Construction marketing plan
Developing a construction marketing plan and strategy to communicate with your general target person is critical to the success of your construction firm, whether you are a general contractor or subcontractor. Marketing is the process by which products and services move from concept to customer. This includes the coordination, development, and implementation of promotional and content strategies. Here are six steps you can take to create a simple, efficient, and effective construction marketing plan that will help your construction business grow.
Set your goals
- Perform a SWOT analysis
- Analyze your market
- Create a marketing budget
- Develop your construction marketing mix
- Observe and analyze the results
While advertising is a piece of the puzzle, it is only one piece. Every element of your marketing plan is part of a larger strategy and depends on the other for success. Just as the project management and coordination process of creating a project in the construction industry is essential for the success of the project, so is planning and measuring the results of your construction company’s marketing plan.
It is important to understand the general steps needed to create and implement a marketing plan and define your target person for your specific business. The size of the budget will also vary depending on the needs and goals of your company. You need to develop and communicate with employees to create a clear strategy to ensure that your ultimate goal is seen and understood by all parties. Your marketing strategy, like any construction project, must be monitored, adapted, and adapted to the changing environment.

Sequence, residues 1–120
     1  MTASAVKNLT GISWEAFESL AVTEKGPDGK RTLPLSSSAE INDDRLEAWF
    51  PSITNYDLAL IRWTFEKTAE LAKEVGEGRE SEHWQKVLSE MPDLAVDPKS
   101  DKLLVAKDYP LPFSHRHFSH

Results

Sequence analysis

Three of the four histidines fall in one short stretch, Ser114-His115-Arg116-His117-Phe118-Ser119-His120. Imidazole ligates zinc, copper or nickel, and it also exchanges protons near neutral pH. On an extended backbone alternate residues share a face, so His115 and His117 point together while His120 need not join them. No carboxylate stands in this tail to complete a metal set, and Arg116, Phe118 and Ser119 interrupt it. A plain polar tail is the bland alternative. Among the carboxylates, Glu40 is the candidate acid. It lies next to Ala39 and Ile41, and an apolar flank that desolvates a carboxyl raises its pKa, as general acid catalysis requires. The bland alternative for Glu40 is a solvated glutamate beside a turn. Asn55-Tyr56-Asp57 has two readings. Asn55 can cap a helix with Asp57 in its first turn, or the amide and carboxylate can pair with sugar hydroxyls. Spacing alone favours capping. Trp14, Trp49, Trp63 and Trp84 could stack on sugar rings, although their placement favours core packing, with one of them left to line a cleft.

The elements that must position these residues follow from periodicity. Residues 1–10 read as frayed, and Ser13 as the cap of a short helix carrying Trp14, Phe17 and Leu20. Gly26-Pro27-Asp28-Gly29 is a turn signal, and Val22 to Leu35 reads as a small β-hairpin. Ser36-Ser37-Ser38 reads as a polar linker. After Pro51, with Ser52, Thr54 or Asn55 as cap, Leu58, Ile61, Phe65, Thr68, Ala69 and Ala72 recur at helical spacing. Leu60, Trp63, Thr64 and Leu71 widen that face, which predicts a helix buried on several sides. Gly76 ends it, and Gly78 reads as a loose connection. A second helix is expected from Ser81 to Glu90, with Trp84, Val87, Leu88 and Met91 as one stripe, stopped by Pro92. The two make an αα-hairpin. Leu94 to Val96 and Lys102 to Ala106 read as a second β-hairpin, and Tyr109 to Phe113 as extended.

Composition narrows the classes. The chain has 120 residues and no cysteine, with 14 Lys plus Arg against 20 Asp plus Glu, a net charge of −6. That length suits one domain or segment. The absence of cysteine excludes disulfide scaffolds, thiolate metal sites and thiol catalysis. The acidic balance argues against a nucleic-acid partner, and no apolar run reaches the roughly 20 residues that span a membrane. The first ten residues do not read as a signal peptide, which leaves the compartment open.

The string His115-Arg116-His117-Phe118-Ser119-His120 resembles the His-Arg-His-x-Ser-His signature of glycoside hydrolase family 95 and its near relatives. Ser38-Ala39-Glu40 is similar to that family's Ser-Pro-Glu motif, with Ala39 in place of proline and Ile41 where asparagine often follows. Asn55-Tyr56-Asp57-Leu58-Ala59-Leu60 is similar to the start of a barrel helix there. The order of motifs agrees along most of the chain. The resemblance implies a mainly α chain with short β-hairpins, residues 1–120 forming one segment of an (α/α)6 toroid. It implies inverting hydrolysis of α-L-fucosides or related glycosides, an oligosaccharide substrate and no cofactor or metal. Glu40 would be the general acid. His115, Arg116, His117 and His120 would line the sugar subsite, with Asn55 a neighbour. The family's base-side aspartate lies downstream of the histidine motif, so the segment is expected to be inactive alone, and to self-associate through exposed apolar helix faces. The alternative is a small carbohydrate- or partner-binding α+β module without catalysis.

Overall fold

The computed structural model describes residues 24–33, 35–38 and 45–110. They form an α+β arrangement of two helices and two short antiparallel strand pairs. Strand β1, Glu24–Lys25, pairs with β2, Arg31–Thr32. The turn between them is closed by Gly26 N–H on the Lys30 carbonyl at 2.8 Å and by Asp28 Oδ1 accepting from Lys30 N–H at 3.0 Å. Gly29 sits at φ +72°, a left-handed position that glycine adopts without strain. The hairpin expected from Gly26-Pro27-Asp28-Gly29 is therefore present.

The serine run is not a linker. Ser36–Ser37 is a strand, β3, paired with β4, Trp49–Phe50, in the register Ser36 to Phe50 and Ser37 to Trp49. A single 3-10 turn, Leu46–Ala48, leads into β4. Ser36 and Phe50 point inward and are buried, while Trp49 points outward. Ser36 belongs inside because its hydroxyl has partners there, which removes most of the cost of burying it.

Set your goals
What are the goals (s) of your construction firm this year? Are you looking to expand the region or industrial sector? Will this increase gross revenue which means you need to determine the type of product, service, or project you earn the most and market accordingly? Or are you focusing more on revenue goals? A solid strategy should certainly start with a measurable objective that you can discuss quantitatively and compare with your results. If your organization targets different areas of business that provide multiple revenue streams, each should have a separate marketing plan targeting each sector.
You will find that your target audience can be found in different ways in each sector. For example, if you are an electrical subcontractor, you can find general contractors through various unions or national electrical contractors associations. If you’re a subcontractor looking for facility managers, you can target LinkedIn and other companies such as Boma. Places always have some overlap and should actually be due to SEO, credibility, and other reasons. However, your marketing is different for everyone and it should be considered as such.
Perform a SWOT analysis
A useful step in assessing your situation is looking at your firm’s strengths, weaknesses, advantages, and threats through SWOT analysis. SWT involves collecting information about internal and external factors that may or may not affect your construction business. This process of analysis will help you build your marketing strategy as well as help keep your competitive market away from where your construction company operates.
What makes your company better? Where is the advantage of your company? How strong is the core of your activities and processes?
Where do you need improvement? Are you entering a new sector, for example, moving from commercial to industrial sector? Do you have leads? Content, and credibility on your website and other social outlets to be aware of the construction deals in this new sector that you are aiming for?
Where are the opportunities you want to focus on for your business? Which new service will you provide where you are strong and which competitors are weak? Brainstorm with your sales and estimating staff; They will be amazed at how they are in the field with their ears to the ground hunting for new opportunities every day!
No business is without threats. Is your core business at risk instead of getting old or new technology? Can you use better technology to increase your team’s reach and squash the threat?